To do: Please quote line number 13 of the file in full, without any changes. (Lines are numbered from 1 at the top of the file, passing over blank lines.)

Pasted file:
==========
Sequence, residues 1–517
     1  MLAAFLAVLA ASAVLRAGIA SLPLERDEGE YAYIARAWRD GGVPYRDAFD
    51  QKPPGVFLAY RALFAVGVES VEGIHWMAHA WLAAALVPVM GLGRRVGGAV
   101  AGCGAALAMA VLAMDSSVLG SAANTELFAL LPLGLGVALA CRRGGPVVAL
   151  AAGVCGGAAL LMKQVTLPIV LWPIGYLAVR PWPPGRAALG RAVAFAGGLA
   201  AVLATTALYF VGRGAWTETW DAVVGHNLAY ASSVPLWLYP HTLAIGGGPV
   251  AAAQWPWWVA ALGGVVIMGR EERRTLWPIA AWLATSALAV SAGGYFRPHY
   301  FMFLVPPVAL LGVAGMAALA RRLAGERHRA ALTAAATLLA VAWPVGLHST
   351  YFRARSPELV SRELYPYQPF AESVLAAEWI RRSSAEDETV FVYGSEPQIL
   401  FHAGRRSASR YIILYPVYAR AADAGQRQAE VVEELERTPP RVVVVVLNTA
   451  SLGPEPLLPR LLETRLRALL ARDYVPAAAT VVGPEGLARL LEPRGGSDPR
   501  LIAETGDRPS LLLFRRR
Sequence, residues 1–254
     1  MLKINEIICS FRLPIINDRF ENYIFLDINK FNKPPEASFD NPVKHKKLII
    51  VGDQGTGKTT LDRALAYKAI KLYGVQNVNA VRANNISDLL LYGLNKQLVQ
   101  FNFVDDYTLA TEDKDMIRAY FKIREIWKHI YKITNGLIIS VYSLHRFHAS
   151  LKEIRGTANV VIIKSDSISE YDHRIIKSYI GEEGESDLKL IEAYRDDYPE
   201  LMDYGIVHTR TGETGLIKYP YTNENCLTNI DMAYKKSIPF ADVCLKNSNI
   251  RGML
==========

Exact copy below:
Sequence, residues 1–254